idiographic and nomothetic
idiographic and nomotheticdivergent orientations to social enquiry (and their associated methods): an idiographic focus is on cultural and historical particulars, using methods such as ETHNOGRAPHY and biography; while a nomothetic focus seeks to establish general laws following an explicitly natural-science model of knowledge. The distinction was first conceptualized in these terms by the German neo-Kantian philosopher, WINDELBAND. In the late 19th century METHODENSTREIT, German theorists such as DILTHEY, RICKERT and Windelband debated which methods best suited particular social sciences, or whether the two methods could be combined (see Fig. 14). These concerns also influenced Max WEBER, who, like many sociologists subsequently, sought to combine both methods. See also GEISTESWISSENSCHAFTEN AND NATURWISSENSCHAFTEN, MEANINGFUL UNDERSTANDING AND EXPLANATION, IDEAL TYPE, VERSTEHEN, HERMENEUTICS. DOUBLE HERMENEUTIC.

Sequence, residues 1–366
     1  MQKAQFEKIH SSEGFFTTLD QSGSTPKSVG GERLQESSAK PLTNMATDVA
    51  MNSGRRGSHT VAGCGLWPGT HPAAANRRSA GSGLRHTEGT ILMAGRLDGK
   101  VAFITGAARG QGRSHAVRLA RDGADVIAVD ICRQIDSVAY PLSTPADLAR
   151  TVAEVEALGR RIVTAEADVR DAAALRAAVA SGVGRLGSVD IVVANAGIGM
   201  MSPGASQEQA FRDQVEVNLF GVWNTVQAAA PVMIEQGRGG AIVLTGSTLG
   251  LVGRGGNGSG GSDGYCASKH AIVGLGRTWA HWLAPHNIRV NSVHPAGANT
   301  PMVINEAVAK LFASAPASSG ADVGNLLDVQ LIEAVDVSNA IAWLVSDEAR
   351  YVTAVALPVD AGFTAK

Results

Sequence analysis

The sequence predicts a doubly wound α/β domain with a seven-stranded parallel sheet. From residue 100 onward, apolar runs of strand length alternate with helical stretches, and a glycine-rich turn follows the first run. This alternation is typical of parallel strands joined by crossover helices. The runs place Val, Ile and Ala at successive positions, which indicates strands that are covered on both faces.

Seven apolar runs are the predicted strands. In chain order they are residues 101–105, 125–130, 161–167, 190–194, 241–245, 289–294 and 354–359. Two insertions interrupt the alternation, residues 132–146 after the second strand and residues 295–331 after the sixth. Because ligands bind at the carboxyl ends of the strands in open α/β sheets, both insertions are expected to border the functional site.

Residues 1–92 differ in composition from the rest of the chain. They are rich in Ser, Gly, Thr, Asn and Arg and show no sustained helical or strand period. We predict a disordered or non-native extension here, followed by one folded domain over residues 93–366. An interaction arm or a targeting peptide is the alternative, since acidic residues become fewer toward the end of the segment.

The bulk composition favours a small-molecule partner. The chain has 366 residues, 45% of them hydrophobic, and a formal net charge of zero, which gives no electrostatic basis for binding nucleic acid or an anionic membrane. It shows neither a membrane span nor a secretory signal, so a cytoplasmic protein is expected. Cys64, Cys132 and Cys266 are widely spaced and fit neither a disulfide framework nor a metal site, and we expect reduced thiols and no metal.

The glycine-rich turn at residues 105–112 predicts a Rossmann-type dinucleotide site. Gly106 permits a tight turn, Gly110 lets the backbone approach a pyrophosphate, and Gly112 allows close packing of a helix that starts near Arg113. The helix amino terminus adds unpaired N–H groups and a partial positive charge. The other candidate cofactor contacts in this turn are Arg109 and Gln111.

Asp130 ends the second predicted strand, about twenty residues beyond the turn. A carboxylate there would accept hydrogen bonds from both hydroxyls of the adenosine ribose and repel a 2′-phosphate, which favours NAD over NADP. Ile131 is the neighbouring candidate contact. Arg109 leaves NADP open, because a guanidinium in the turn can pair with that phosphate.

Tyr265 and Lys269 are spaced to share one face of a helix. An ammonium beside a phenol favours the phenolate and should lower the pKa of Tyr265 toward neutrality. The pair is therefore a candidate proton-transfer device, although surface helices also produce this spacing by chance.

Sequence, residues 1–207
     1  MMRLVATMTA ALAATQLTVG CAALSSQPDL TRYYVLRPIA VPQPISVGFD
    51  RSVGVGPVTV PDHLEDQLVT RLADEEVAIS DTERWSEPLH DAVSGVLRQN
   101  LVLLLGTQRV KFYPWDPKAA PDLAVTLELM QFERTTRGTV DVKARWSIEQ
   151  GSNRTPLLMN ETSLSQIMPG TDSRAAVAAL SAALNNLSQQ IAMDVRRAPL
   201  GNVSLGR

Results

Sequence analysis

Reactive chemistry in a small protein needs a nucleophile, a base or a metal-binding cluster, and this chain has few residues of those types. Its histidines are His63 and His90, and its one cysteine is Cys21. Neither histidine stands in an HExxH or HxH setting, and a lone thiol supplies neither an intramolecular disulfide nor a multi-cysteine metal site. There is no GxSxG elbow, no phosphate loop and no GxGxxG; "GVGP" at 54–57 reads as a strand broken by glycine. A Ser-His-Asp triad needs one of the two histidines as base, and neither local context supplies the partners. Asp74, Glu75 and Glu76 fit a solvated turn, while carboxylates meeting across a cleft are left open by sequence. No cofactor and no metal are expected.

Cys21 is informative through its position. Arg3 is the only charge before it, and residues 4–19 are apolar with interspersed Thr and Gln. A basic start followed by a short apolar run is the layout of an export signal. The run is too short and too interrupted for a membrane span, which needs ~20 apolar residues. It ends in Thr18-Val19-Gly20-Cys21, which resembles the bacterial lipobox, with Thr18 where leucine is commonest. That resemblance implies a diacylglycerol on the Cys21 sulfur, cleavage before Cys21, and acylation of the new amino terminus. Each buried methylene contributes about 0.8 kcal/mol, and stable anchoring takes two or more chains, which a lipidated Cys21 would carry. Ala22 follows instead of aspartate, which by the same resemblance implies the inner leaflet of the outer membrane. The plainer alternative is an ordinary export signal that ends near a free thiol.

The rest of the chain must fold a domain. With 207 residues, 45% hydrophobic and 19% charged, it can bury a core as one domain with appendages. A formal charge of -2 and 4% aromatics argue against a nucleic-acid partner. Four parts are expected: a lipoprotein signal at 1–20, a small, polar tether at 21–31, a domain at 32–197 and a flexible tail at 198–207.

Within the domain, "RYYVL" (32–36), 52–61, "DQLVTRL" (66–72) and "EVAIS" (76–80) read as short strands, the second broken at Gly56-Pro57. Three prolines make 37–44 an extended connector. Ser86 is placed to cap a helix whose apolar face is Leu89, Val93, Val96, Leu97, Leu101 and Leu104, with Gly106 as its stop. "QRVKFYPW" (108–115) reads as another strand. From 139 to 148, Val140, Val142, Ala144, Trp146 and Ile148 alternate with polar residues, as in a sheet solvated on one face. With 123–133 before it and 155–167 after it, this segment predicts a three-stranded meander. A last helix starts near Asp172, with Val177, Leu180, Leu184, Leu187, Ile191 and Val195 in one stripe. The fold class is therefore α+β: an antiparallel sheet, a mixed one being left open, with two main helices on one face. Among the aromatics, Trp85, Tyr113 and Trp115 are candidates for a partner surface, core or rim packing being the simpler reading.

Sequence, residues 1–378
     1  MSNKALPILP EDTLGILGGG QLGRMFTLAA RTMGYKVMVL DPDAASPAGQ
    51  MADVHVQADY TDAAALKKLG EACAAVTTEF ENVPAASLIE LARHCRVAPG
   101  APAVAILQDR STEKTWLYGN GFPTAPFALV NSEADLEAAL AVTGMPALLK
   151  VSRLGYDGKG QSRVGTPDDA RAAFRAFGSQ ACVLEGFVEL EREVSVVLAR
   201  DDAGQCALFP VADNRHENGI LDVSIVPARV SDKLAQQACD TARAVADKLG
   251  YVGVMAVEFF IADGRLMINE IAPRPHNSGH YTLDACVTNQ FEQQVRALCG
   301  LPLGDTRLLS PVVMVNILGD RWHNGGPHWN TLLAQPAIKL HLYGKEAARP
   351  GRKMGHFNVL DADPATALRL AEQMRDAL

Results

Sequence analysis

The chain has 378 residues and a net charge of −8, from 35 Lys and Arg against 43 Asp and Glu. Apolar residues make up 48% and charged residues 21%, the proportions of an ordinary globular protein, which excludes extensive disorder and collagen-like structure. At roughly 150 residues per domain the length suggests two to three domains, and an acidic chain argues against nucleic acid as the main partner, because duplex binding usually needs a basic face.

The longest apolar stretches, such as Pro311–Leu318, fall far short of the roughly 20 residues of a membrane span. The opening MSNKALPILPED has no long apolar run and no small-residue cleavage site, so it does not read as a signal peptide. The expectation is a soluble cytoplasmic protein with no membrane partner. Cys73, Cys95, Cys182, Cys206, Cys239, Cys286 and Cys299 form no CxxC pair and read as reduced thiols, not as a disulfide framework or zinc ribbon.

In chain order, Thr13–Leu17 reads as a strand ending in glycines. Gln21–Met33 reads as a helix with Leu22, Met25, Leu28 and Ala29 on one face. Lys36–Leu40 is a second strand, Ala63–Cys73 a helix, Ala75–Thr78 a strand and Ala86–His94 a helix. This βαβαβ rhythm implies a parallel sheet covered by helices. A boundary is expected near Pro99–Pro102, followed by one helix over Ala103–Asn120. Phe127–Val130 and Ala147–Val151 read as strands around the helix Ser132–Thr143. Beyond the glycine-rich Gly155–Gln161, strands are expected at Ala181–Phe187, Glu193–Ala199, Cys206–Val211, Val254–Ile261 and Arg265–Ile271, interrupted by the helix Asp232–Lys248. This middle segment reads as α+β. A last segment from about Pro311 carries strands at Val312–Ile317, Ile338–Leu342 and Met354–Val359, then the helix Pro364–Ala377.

Collins Dictionary of Sociology, 3rd ed. © HarperCollins Publishers 2000